“Whoever has ears, let them hear.” -(Matthew 13:9 NIV)

Seems like an odd statement to make after He tells the parable. Most everyone has ears, unless they were born without them because of some birth defect. What Jesus meant was, “Whoever is able to understand spiritual things, let them understand this spiritual truth,” for Jesus made it clear that what He really was talking about was the kingdom of heaven.

“So faith comes from hearing, and hearing through the word of Christ.” -(Romans 10:17 ESV)

The issue with the first three “soils” was not an issue of comprehension, but an issue of faith, and each of these “soils” is an illustration of the types of people Jesus interacted with in the gospels:

  1. “The path” – those, like the Pharisees or some people in Nazareth, who took offense at Him, and treated Him with contempt.
  2. “Rocky ground” – those who would follow Him around, who shouted “hosanna” joyfully at His triumphal entry, only to quickly turn their “hosannas” into “crucify Hims”. You could also add in those peripheral disciples, who left once the “going got tough.”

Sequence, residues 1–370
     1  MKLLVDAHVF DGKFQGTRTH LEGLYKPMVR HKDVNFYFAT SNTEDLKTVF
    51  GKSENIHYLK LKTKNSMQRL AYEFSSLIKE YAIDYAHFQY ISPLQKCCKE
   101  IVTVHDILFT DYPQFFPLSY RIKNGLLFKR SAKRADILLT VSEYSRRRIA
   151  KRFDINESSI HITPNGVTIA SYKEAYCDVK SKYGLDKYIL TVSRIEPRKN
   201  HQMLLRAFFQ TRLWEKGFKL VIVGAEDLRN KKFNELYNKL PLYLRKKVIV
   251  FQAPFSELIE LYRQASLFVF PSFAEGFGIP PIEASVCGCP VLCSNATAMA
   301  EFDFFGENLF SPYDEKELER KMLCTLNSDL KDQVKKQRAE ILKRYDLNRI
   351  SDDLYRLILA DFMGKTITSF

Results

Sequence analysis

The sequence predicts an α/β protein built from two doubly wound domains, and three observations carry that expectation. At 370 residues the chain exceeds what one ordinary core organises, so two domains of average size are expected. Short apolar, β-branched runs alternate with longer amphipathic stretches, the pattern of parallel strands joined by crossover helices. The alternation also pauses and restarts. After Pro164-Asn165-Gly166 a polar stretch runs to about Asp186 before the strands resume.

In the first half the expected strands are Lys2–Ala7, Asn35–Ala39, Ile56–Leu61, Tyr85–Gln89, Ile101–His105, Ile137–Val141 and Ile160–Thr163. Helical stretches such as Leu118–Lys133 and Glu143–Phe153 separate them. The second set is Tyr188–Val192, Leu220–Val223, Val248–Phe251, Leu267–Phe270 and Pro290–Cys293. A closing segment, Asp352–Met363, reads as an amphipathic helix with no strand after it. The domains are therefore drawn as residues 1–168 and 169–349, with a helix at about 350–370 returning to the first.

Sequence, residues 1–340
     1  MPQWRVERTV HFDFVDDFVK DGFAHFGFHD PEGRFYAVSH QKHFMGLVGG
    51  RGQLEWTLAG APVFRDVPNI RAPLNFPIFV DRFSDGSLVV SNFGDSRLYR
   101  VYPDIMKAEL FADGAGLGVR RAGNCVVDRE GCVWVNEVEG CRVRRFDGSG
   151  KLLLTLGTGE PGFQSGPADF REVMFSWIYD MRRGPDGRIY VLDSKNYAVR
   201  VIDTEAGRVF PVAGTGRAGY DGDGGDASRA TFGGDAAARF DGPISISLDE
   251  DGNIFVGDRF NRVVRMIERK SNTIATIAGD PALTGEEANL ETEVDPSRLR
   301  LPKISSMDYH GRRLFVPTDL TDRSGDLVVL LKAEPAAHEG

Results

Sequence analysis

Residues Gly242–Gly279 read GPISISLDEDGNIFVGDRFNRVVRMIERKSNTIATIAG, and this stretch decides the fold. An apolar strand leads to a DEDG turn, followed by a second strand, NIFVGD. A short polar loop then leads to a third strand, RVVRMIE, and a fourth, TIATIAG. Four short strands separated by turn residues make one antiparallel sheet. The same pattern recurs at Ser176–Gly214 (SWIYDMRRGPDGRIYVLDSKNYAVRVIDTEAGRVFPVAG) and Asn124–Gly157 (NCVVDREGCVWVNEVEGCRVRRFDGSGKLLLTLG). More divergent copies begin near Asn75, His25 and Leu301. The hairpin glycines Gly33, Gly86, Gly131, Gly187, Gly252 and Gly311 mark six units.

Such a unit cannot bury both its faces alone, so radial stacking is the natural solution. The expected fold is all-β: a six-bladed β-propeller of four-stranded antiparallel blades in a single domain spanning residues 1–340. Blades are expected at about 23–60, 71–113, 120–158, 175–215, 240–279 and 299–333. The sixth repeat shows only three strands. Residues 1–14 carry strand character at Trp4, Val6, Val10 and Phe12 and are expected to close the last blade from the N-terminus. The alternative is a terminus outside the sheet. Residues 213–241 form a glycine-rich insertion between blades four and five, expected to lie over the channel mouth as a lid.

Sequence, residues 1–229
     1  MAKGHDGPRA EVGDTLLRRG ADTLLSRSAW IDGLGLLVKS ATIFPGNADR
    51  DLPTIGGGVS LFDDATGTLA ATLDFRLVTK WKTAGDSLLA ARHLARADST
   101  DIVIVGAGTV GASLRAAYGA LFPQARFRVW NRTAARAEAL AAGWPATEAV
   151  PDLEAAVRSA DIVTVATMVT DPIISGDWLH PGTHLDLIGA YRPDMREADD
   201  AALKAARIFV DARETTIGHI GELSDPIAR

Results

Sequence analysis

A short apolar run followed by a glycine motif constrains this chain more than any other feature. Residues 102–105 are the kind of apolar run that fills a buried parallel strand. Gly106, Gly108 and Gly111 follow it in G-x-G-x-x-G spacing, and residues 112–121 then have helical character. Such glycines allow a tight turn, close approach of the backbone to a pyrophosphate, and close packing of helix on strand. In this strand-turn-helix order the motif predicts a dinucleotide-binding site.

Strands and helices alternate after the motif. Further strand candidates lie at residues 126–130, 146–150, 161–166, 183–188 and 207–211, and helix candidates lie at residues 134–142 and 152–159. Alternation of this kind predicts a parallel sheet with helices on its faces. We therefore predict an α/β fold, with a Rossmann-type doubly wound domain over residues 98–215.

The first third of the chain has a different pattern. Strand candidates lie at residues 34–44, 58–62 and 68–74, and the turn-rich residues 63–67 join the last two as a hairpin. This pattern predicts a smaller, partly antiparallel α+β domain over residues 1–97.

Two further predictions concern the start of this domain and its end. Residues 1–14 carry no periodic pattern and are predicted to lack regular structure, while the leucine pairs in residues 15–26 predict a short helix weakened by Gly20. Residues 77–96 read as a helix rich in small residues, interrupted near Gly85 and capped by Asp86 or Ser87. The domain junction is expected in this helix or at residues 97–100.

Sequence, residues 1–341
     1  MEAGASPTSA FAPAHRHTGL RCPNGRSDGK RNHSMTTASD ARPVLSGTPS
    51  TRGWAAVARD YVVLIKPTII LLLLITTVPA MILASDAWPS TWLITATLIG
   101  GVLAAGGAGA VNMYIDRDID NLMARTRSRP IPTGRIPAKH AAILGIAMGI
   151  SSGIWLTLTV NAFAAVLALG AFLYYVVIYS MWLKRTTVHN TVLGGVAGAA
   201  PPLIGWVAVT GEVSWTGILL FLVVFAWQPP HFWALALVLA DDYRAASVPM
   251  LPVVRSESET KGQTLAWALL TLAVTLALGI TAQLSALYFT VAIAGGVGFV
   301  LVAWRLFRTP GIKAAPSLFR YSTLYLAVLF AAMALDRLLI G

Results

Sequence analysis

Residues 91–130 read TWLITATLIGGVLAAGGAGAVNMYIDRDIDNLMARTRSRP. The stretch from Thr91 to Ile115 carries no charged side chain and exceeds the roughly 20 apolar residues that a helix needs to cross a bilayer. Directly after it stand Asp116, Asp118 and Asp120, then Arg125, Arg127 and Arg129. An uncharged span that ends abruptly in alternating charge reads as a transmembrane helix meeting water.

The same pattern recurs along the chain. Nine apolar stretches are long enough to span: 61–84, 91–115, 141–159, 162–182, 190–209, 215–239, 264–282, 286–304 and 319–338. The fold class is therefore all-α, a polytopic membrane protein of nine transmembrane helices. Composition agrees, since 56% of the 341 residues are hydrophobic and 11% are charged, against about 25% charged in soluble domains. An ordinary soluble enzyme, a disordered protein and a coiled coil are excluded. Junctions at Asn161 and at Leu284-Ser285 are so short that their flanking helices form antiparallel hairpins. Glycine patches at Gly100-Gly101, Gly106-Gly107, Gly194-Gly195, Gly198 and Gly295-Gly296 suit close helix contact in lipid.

3. “Among thorns” – those, like the rich young ruler, who counted the cost of discipleship and decided it was too much.
  4. “Good soil” – those who believed that Jesus was who He said He was. Those who built their house upon the rock of Christ, who abided in Him and bore much fruit because they also possessed the Holy Spirit.

Jesus, represented by the seed in the parable, goes out to all four soils. This is because grace and salvation are offered to all. It is only through true faith that we can receive Him like the “good soil.” This is what Paul means when he says, “For by grace you have been saved through faith” (Eph. 2:8 ESV). Salvation is not something we earn, but it is also something we cannot receive without faith.